If you are a jewelry aficionado but immediately think of your grandmother when you hear the word “brooch,” then you might want to check out the red carpet, runway shows and what’s happening in both antique and modern jewelry. The brooch is back in a big way. Renowned houses such as Chamet, Chanel and Boucheron have all brought back high-jewelry brooches, as have other legendary houses. This has afforded women the opportunity to choose between antique styles and contemporary versions. Celebrities have offered lessons on how to wear them in multiple ways—on the waist of a dress, the side of a cardigan sweater, in the hair and in themes and/or colors with other brooches. This style is an exceptional example of a brooch from the later Art Deco period. It is a bit softer that the more structured, streamlined and geometric lines the period was noted for earlier on. Once the movement hit the 1930s, inspiration came from all over, offering more vibrant colors and an Asian or Eastern sensibility. This style, which is English (circa 1935) is extremely well-designed with ruby, sapphire, citrine and amethyst flowers. The petals are formed from the gemstones, and it features an arched diamond frame. The five articulated drops suspending pear-shaped diamonds can be removed for a less dressy look or worn as is for special occasions.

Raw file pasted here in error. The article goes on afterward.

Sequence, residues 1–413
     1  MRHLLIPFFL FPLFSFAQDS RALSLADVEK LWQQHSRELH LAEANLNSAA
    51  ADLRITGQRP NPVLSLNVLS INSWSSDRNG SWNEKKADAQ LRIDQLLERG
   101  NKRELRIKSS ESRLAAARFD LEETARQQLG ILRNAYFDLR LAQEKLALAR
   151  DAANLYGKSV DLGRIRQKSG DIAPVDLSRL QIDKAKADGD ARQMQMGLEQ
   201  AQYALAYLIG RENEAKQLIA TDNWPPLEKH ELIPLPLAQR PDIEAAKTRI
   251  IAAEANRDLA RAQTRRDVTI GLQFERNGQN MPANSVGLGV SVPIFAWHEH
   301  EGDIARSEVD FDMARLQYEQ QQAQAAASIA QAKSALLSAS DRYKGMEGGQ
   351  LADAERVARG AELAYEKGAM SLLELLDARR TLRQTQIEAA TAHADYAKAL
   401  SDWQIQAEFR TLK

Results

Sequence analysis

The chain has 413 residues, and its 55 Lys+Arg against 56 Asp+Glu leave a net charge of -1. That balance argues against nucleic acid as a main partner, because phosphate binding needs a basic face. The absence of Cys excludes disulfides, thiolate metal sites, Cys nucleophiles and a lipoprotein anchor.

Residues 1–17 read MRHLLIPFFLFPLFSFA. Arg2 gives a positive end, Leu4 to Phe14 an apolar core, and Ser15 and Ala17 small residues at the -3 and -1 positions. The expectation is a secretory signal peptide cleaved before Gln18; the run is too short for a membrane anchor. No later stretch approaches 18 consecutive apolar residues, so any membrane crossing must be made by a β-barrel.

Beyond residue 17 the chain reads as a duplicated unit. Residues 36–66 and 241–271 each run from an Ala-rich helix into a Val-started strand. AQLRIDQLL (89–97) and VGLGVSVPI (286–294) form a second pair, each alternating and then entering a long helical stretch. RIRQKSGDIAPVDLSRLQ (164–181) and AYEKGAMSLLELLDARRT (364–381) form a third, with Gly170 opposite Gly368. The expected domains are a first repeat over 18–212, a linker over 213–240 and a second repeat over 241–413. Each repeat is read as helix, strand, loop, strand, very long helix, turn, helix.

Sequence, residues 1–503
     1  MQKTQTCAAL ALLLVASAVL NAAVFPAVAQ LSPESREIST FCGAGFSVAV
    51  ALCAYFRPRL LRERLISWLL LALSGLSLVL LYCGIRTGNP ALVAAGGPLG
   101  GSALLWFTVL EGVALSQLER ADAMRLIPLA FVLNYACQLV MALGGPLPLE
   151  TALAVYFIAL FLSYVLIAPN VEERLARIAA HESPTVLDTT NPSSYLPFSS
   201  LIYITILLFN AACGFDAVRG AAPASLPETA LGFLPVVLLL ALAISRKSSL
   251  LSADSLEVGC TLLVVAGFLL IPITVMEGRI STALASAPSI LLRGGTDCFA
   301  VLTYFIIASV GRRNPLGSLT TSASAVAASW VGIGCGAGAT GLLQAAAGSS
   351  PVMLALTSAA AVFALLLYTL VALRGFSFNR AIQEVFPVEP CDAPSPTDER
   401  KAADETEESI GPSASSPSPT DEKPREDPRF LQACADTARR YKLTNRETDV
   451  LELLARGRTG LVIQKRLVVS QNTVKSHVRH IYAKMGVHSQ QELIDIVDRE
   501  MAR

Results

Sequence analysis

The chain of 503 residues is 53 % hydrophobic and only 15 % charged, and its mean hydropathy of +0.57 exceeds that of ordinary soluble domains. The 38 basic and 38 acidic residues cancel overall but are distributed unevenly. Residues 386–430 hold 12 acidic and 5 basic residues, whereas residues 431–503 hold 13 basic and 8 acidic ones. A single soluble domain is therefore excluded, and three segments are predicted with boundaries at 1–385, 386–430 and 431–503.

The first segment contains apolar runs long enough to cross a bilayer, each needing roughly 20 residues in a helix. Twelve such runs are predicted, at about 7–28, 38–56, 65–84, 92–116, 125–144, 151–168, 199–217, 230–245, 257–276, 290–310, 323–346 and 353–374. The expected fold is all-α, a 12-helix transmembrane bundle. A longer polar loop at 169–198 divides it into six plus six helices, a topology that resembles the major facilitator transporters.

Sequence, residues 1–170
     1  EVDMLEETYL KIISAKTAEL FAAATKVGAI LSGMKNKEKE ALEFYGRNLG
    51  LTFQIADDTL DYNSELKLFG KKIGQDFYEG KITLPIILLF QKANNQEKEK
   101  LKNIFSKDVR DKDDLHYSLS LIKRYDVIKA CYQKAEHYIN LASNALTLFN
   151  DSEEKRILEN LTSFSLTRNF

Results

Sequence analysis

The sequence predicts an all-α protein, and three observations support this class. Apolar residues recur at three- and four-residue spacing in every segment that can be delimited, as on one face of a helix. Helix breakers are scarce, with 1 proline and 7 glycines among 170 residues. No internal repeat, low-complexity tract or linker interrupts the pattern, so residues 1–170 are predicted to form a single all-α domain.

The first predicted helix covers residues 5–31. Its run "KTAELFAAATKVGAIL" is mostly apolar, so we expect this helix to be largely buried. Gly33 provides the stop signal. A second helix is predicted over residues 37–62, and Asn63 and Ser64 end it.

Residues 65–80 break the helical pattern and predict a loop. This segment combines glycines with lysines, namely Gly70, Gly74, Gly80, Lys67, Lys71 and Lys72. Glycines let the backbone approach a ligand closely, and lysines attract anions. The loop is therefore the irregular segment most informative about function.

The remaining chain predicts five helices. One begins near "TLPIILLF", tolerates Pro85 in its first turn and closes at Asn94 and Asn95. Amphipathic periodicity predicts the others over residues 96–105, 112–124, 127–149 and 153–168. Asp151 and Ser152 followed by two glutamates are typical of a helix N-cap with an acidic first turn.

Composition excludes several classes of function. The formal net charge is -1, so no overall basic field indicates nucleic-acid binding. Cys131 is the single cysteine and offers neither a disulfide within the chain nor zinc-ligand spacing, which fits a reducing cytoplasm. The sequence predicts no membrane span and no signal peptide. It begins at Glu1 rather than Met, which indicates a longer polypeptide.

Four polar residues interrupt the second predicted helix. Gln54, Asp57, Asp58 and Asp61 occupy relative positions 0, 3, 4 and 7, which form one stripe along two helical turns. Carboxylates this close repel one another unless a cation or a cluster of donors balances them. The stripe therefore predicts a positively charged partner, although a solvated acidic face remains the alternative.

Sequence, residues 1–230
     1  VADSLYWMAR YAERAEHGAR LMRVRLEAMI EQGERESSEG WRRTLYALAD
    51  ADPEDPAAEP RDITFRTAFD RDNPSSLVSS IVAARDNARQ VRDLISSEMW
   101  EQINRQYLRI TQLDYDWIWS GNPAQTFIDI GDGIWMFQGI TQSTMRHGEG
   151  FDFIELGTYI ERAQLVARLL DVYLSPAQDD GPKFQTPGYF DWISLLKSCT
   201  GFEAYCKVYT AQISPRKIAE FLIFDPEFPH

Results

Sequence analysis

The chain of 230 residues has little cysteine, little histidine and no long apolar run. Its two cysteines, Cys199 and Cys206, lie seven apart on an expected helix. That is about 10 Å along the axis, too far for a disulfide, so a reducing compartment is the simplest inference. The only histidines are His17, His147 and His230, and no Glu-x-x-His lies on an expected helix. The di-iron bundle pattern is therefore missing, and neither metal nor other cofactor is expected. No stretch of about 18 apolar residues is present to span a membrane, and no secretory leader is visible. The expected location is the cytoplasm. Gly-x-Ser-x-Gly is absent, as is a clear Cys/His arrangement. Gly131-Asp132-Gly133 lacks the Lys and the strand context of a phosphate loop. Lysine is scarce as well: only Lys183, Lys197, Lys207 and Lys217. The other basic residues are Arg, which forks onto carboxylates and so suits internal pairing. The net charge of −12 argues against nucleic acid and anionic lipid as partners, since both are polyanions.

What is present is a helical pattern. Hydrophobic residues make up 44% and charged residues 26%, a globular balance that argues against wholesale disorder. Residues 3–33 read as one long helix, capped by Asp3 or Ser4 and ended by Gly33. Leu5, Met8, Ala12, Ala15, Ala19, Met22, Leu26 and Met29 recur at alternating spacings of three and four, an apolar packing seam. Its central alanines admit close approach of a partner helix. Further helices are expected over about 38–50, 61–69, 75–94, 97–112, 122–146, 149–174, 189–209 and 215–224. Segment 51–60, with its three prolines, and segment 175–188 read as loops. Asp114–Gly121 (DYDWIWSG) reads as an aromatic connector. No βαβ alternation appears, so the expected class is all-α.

Siegelson seen at TEFAF New York
When we talk about provenance and backstory of a piece, this buckle necklace has stories to tell. It was designed by the legendary Fulco de Verdura when he worked for Paul Flato (designer to the stars, whose jewels appeared on many actresses in real life and in many Hollywood films). Verdura has previously designed jewelry for Coco Chanel and went to work for Flato before striking out on his own. Before even beginning to describe this piece, which is signed Paul Flato on the clasp, the previous owners need a mention. It was first owned by Linda Porter (Ms. Cole Porter) and then bequeathed to Ava Astaire, after which it was sold to the jeweler Fred Leighton. It now is in the collection of Siegelson. Fashioned after a belt with a buckle in the form of a semi-flexible band of pave-set fancy brilliant cut aquamarines accented with contrasting oval-cut and fancy-cut rubies detailing the buckle, eyelets, and strap trim, it is mounted in platinum and is a great piece of American history.
There was a lot more to be seen, tried on and coveted at both shows, If you are an antique and vintage jewelry aficionado, you can read more about what and how to buy and how to wear different antique and period jewelry, mix up centuries and mix with current styles in my upcoming stories.